In triathlons, athletes take meticulous care to set up their transition areas next to their bikes. Some people use a checklist, a mnemonic device, a photo, etc. to make sure each piece of their equipment is remembered. I myself have a handy little checklist, and I am not as particular as other people about specific pieces of equipment (cuz that’s how I roll, general-big-picture person, no details). Before the race, everything looks neat, organized, and logical.
When you re-enter the transition zone after a triathlon, it’s an entirely different story. The place is a mess. A GIANT mess of clothing strewn about, bikes knocked over, buckets upturned, etc. The careful planning that goes into the preparation of a race appears to have the snot kicked out of it by reality. And when I walked into my bedroom (or insert any room in my house currently) the other day and was confronted by a room full of strewn about bits, I had a bit of a revelation.
My life has been a bit like the transition area after a race. Everything was carefully laid out, and now it’s all gone to shit. As I pulled into the parking lot of the rec center this morning, I thought about all my resolutions that I made in January and how just about none of them are shaping up how I thought they would. I thought back to this time last year and how happy and focused I was, and how lucky I was to be able to pursue my ambitions. Then I thought about my race this weekend, and how I could really care less if I went or if I competed and how unlike me that seemed. The real me seems far, far away from the person sitting in the car this morning.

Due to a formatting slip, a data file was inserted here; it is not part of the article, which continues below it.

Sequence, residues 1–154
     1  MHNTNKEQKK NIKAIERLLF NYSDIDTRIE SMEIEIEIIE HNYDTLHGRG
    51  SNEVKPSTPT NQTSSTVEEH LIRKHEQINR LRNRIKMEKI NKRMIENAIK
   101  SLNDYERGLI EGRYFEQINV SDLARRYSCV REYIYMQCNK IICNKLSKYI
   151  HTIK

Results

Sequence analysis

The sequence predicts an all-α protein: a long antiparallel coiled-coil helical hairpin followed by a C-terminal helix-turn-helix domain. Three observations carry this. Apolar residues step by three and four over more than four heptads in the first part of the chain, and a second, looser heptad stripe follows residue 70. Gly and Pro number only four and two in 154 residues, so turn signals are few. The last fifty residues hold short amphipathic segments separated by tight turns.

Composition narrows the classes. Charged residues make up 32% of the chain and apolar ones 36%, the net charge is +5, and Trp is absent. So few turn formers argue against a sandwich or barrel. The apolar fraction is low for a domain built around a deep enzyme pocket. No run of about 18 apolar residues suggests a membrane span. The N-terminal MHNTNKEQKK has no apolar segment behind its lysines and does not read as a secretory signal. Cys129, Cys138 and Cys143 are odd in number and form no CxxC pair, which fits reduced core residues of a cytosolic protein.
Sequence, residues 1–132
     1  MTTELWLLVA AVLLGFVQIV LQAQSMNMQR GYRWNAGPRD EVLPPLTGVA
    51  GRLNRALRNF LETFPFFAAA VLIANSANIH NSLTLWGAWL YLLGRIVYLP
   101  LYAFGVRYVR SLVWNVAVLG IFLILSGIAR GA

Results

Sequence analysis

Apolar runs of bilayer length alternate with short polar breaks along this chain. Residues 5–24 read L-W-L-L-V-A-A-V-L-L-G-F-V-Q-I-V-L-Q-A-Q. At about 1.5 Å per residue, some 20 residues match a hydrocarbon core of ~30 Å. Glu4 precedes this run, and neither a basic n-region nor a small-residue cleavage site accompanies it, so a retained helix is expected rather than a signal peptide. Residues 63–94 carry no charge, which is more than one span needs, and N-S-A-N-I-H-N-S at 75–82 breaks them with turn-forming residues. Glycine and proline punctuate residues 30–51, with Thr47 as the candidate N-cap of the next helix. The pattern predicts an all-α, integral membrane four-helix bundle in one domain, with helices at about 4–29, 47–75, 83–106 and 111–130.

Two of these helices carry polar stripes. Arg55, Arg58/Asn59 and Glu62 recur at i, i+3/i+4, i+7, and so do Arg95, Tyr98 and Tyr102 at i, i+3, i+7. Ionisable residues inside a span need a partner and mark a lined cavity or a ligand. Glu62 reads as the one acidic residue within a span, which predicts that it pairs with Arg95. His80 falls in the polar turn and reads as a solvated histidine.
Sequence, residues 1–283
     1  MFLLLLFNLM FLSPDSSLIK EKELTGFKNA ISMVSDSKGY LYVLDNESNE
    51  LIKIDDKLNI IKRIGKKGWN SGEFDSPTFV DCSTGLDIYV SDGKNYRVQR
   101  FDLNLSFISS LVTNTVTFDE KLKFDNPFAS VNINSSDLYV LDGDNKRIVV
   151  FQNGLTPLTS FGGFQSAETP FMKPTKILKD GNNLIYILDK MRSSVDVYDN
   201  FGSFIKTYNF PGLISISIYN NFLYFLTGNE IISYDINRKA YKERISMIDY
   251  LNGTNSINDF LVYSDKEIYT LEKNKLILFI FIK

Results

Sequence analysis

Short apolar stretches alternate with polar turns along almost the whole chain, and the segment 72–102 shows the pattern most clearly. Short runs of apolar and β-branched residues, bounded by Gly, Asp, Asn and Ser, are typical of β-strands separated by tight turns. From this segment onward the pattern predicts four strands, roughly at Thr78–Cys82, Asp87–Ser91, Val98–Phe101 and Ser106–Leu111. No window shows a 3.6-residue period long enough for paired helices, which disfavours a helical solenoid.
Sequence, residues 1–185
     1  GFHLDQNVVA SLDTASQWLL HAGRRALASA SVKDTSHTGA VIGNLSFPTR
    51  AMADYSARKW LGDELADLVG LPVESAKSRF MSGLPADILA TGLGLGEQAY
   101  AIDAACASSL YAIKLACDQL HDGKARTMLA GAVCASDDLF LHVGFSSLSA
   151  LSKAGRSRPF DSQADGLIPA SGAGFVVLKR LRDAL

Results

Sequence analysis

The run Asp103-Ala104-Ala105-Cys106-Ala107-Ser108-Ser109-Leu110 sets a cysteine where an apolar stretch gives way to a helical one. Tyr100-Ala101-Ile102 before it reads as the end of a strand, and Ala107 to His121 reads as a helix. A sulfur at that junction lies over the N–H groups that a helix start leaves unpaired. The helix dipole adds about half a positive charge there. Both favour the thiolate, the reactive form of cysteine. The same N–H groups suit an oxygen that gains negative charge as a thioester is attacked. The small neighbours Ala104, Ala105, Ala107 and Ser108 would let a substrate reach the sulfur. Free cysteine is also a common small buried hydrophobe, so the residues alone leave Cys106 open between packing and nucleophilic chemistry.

So, yes, I honestly had a little pity party for myself in the car. Now, don’t feel sorry for me, because life is full of tragedies, and this one certainly isn’t too tragic, but I am beginning to understand how difficult it can be to feel happy and content when you are not actively pursuing goals or dreams that are important to you. Life starts to look a bit like the transition zone after a race.
All I can do for the next 16 days until I finish my interim position is to put my head down, do the work, and not let it break me. Then, I need to figure out a new game plan and line up the right resources to help when the transition bits get messy again because they inevitably will, as it does for everyone who actually pulls the covers off and faces each day, with whatever challenges one has to face. However, I also need to recognize the truth about the best-laid plans, and perhaps tell my inner control freak to chill because life just becomes messy sometimes.